Heat Guy J Vol. #01 - Mania.com



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Info:

  • Art Rating: B+
  • Packaging Rating: B+
  • Text/Translatin Rating: B
  • Age Rating: 13 & Up
  • Released By: TOKYOPOP
  • MSRP: 9.99
  • Pages: 224
  • ISBN: 1-59182-777-9
  • Size: B6
  • Orientation: Right to Left

Heat Guy J Vol. #01

By Jarred Pine     July 21, 2005
Release Date: July 01, 2005


Heat Guy J Vol.#01
© TOKYOPOP


Creative Talent
Writer/Artist:Chiaki Ogishima
Translated by:Beni Axia Hirayama
Adapted by:

What They Say
Daisuke Aurora works with the special division of peacekeepers in the city of Jewde, one of the largest cities on the planet. He and his android partner, Heat Guy J, team up to make sure that anything illegal stays off the streets and out of circulation. However, their presence doesn't sit too well with the local mob leader -- a ruthless, unbalanced, well-armed son of the late Don, who is out to prove that he is not too young to take over the family business. In the city that never sleeps, will Daisuke and Heat Guy J end up sleeping with the fishes?

The Review
Based of the anime, this manga adaptation of Heat Guy J retells a couple stories while adding in a couple new ones without revealing anything new about the city of Jewde.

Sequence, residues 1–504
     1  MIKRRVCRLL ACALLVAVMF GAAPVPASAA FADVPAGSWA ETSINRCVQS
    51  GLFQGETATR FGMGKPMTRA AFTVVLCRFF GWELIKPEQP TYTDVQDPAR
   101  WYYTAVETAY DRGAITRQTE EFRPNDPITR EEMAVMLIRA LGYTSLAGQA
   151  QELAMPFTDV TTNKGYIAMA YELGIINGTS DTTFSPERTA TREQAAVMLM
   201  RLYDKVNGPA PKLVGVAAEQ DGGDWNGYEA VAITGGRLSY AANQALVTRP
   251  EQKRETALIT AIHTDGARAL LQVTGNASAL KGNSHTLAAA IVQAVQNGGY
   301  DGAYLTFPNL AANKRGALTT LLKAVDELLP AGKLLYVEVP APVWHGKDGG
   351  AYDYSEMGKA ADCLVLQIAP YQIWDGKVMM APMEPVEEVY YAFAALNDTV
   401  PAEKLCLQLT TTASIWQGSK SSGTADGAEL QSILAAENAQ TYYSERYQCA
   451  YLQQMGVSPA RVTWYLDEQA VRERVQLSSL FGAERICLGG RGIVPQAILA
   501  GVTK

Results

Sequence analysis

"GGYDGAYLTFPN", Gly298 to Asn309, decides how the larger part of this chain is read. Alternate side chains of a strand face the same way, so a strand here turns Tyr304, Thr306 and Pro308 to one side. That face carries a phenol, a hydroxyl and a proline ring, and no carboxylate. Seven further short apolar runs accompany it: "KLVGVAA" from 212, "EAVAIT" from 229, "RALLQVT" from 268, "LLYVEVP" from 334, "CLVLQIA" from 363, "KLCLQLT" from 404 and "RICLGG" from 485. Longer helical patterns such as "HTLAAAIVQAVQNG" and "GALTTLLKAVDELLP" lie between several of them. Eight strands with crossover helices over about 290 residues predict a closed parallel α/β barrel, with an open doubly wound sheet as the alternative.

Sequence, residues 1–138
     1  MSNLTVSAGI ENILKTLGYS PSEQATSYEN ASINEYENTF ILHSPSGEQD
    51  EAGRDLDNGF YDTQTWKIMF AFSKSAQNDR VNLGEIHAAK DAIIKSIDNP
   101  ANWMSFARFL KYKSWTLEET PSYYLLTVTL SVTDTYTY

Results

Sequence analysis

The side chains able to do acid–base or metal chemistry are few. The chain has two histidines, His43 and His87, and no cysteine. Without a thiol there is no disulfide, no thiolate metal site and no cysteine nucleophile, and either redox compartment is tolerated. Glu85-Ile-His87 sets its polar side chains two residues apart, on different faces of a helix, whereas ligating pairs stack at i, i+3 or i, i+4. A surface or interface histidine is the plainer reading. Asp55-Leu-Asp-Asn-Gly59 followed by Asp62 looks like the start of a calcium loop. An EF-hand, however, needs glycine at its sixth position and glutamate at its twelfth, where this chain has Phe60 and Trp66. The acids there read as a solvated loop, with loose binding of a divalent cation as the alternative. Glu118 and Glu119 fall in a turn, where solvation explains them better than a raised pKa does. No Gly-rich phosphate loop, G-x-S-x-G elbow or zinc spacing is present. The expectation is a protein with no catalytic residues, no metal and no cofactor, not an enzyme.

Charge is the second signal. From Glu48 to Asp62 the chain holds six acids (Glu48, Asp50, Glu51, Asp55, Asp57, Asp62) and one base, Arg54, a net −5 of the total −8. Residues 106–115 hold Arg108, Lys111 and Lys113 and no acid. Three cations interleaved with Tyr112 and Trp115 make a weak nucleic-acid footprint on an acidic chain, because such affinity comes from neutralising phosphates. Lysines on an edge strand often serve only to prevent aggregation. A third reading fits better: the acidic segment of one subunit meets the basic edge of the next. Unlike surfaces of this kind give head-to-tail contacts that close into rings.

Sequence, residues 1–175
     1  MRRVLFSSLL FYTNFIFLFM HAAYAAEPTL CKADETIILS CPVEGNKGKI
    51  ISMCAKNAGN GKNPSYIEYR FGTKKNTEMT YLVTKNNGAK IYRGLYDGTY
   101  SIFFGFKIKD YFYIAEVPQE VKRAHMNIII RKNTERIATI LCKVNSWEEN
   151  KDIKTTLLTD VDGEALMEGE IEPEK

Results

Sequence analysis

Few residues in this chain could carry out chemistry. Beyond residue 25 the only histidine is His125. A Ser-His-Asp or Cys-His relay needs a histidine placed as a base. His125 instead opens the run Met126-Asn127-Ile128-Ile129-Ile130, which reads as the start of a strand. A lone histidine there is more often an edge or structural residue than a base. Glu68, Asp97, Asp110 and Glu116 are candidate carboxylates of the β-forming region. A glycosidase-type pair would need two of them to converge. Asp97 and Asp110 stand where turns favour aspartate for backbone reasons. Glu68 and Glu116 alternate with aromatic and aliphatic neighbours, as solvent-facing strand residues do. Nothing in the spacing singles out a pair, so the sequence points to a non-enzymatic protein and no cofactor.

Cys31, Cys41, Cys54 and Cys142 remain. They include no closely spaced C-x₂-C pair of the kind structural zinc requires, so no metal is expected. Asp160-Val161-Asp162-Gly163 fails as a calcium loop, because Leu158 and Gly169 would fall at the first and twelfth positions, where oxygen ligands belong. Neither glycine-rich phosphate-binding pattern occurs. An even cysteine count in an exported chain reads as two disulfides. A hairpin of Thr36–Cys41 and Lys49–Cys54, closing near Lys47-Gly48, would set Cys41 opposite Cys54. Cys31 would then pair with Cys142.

Packaging:
The glossy cover features a color illustration of Daisuke and J, with a large logo along the bottom. The logo looks like concrete, with red, yellow, and orange colors, accompanied by the Japanese letters underneath. The print job is solid with crisp looking tones and no noticeable signs of fading.

Inside there are a plethora of extras at the back of the book. There are 6 pages of a newsletter called “J-Hot Press” from Magazine Z which summarizes a lot of what was going on in the anime. Following those pages are character sketches and profiles, as well as environment sketches and notes. The kicker is the 4 page interview with the anime director Kazuki Akane that took place in the middle of the series production.

Art:
The character artwork pretty much follows Yuki’s character designs from the anime, with the eyes having that shoujo, watery style. The line and tone work are very clean, with some nice detailing with the city background and androids. A couple of the chapters feature some fan-service heavy designs, an android in a string bikini and a lab tech in lacy lingerie, for those interested.

Text/SFX:
SFX are untouched and not translated. The dialog reads clearly and there are no errors, but nothing really special jumps out about it. I do especially like how J’s dialog was handled. It has that overly proper feel with a robotic tone that you would think an android would have. J’s little philosophies about being a man also are worth a good chuckle.

Contents (Watch out spoilers ahead):
The city of Jewde, one of seven on the planet, is an interesting mix of high technology and underground crime. Transportation between the cities is limited, and doing so without permission will label one a “refugee” and is considered a criminal offense. The crime lords will try to use secret routes between the cities to sell or trade illegal goods, one of which are androids. All production of androids was declared illegal after Daisuke Aurora’s father was murdered by an assassin android sent by the Leonelli crime family. With such powerful crime families battling for control of the city, violence and other criminal elements are plentiful.